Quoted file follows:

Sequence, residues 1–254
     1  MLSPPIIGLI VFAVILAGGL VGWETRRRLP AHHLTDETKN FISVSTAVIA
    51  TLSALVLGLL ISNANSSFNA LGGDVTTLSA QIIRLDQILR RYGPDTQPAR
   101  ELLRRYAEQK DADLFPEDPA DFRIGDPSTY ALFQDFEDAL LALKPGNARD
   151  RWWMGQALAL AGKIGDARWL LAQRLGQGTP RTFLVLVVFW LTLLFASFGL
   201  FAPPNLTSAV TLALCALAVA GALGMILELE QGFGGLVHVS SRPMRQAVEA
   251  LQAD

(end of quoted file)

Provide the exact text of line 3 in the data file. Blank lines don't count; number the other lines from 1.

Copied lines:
    51  TLSALVLGLL ISNANSSFNA LGGDVTTLSA QIIRLDQILR RYGPDTQPAR